Bigorexia: when too much physical activity is harmful to your health

·2-min read
Bigorexia can lead to serious physical and psychological consequences.

Addiction affects many fields, and the world of sports is no exception. Recognized as a disease by the World Health Organization since 2011, bigorexia affects about 15% of athletes, whether professional or amateur. And like any addiction, it can be dangerous.

"Sport is like a drug," former soccer player Robert Pirès, who played for Arsenal from 2000-2006, was reported as saying in French daily Le Parisien on March 30. This particular drug has a name: bigorexia, an addiction to physical exercise and muscle mass gain.

It corresponds to "an irrepressible and compulsive need to practice regularly and intensively one or more physical and sports activities in order to obtain immediate gratification, despite the negative long-term consequences on physical, psychological and social health," according to a definition of the Centre d'Etudes et de Recherche en Psychopathologie de Toulouse.

This word comes from the term "big" in English and "orexia," meaning appetite in Greek. It designates an addiction to sports.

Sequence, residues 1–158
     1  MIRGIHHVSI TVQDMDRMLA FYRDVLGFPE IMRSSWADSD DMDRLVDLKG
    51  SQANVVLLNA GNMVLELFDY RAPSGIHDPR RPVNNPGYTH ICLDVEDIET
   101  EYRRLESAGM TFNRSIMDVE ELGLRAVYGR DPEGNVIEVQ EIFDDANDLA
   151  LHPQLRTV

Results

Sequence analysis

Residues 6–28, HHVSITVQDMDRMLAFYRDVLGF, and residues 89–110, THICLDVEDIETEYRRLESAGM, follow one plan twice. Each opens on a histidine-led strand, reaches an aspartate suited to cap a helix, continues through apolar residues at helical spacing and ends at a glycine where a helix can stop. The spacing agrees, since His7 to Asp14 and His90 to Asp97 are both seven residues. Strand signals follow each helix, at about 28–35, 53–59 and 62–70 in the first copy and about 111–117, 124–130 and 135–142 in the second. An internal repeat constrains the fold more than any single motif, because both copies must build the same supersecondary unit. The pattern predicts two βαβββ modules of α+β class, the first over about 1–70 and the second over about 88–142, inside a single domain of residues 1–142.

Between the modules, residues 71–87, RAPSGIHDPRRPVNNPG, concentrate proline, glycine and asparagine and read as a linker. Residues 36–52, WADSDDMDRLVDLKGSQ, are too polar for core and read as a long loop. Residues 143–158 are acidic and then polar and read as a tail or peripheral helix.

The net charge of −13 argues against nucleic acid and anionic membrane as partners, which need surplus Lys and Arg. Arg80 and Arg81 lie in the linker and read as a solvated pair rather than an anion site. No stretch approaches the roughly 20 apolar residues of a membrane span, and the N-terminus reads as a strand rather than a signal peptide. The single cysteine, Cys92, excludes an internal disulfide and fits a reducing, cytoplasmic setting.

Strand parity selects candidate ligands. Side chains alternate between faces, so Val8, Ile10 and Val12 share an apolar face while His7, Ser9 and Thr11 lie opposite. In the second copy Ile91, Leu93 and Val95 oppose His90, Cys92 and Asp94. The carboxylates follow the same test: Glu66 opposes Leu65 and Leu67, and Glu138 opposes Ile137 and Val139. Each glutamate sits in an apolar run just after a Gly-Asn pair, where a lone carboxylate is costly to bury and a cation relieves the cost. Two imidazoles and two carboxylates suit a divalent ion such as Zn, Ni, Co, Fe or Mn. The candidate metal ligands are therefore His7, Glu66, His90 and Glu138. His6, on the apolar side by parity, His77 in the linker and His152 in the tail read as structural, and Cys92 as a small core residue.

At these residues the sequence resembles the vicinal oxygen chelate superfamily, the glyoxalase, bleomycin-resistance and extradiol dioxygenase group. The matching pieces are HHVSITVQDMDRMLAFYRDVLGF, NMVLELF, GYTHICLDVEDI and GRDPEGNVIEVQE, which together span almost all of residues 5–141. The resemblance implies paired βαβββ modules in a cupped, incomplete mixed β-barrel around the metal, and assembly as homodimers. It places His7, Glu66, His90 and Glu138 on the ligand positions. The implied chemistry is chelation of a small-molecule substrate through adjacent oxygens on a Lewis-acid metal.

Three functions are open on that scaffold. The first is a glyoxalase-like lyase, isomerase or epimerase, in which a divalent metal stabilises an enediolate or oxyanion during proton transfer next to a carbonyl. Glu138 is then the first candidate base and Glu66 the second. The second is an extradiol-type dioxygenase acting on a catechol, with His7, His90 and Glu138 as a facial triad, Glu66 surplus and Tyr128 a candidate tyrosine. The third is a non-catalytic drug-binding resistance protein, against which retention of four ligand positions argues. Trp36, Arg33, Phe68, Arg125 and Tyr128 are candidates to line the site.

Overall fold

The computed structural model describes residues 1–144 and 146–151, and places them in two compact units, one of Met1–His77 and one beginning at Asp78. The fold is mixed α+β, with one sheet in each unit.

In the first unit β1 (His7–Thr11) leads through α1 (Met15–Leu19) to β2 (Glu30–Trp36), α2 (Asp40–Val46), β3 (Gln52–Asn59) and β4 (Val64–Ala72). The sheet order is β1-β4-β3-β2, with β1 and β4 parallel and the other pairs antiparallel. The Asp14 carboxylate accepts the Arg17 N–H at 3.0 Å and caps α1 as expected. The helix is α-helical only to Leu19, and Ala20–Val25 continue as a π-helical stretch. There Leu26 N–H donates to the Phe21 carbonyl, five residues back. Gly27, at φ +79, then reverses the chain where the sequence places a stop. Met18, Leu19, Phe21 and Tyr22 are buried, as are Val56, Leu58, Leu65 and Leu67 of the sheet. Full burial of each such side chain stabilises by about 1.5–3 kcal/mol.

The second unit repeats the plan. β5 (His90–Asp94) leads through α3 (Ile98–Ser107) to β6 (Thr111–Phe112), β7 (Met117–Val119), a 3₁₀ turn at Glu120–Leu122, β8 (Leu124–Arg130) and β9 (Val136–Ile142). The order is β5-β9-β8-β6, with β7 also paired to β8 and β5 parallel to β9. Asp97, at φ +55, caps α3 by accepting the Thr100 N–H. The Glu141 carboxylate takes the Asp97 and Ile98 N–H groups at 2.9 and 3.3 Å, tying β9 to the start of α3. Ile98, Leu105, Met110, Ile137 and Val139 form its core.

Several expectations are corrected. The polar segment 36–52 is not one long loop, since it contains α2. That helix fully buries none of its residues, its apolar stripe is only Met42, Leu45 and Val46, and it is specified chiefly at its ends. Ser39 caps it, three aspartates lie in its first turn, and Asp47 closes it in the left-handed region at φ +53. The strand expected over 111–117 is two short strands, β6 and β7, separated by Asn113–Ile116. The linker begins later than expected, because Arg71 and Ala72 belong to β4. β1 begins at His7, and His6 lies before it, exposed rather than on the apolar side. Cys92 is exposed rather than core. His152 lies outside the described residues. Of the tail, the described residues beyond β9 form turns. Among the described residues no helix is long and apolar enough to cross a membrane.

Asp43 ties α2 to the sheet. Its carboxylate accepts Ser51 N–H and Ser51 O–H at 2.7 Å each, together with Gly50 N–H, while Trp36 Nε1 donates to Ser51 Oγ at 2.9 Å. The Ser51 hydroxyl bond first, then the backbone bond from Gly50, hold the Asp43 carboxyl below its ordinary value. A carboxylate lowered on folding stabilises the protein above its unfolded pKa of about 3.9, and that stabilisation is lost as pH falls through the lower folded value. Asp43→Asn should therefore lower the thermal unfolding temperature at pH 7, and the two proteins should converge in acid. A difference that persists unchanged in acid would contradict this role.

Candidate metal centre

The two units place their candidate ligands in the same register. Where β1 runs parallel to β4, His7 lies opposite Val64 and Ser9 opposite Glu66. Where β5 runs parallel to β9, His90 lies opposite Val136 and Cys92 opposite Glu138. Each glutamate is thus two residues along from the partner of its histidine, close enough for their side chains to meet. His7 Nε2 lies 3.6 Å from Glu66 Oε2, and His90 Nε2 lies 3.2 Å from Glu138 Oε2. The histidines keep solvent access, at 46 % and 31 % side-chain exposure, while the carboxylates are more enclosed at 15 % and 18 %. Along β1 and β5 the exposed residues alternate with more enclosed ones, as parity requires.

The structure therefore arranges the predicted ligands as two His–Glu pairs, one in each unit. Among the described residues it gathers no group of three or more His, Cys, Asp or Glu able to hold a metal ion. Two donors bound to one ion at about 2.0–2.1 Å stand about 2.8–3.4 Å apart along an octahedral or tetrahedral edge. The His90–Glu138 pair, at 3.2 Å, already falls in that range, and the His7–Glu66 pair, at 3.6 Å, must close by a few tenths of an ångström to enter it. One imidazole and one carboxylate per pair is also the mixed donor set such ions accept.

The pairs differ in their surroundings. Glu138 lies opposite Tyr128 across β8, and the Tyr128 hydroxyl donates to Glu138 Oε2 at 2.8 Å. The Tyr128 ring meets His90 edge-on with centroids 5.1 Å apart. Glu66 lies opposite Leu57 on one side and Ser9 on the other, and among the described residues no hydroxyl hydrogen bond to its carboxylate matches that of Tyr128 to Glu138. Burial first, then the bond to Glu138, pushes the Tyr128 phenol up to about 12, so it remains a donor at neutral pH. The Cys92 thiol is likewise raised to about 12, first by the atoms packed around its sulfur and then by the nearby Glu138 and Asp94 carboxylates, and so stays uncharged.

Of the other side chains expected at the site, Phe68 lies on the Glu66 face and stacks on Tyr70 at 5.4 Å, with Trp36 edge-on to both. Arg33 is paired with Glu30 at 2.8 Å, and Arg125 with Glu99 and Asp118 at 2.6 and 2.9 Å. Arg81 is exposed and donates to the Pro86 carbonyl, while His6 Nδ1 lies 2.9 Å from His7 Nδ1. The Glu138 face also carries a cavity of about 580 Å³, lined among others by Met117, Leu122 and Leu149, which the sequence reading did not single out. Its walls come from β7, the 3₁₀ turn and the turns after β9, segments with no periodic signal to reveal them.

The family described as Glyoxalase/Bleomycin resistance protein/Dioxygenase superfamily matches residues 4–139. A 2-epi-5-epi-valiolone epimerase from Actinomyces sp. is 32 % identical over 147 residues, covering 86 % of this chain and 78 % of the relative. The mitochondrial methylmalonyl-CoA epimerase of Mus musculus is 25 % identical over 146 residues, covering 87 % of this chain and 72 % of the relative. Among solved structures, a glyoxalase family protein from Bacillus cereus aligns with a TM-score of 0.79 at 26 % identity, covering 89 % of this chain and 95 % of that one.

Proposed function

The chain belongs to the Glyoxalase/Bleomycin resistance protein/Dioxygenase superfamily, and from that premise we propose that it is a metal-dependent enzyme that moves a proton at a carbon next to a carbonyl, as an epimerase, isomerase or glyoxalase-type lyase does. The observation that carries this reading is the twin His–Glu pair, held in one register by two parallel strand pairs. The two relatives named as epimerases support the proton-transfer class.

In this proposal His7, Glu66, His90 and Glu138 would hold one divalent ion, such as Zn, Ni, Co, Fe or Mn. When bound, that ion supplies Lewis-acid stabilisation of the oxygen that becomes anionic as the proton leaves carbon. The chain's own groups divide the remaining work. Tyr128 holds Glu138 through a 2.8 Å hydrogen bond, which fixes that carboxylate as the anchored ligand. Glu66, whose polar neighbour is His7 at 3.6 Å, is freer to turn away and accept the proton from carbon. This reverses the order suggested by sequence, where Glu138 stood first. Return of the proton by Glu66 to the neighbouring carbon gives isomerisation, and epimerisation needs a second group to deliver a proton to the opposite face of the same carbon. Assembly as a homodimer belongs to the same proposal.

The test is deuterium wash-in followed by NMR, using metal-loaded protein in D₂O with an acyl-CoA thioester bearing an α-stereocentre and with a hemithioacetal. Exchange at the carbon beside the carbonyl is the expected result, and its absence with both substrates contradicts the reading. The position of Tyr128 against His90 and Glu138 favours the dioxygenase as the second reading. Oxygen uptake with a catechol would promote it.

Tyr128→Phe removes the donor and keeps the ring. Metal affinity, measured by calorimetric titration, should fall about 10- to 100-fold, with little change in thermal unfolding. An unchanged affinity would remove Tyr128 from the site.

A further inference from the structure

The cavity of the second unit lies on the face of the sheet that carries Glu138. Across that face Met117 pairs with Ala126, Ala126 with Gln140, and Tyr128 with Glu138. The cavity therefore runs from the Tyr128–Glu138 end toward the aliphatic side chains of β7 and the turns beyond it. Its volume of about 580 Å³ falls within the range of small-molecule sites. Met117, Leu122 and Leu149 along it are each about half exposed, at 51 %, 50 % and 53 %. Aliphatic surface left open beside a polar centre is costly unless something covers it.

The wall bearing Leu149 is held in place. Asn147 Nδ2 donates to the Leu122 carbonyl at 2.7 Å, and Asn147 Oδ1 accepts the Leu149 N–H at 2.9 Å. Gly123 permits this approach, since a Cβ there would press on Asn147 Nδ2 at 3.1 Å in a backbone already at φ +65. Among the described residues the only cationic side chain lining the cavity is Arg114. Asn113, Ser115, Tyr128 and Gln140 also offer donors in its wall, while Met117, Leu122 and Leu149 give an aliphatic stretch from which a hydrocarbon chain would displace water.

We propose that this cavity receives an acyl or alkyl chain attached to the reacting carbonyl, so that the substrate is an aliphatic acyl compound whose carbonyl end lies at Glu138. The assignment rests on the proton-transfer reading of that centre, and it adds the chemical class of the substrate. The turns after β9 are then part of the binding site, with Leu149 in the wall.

Living sport as a need, not a pleasure

Like any other addict, the sports addict organizes their life according to their sports activity. They must get their "dose" of sport every day, the intensity of which can vary. Through the secretion of dopamine and endorphin, exercising provides the feeling of well-being that the athlete craves.

The intensive practice of sport on a daily basis can cause physical injuries related to the fatigue of the body. TIt can go beyond muscular problems, all the way to tendon damage and bone fracture or fatigue, according to a study by the CHU (university hospital center) of Nantes, France. This disease can even push a person towards a heart attack.

While exercise is often perceived as a "positive addiction," in excess bigorexia or muscle dysmorphia can lead to anxiety disorders and is sometimes associated with performance anxiety, fear of failure as well as eating disorders. In the obsessive quest to improve their performance, the athlete may be tempted to change their diet and consume high-protein -- and therefore unbalanced -- meals.

If you have any questions about your relationship with sports, don't hesitate to speak about it to a health professional.

Louis Tardy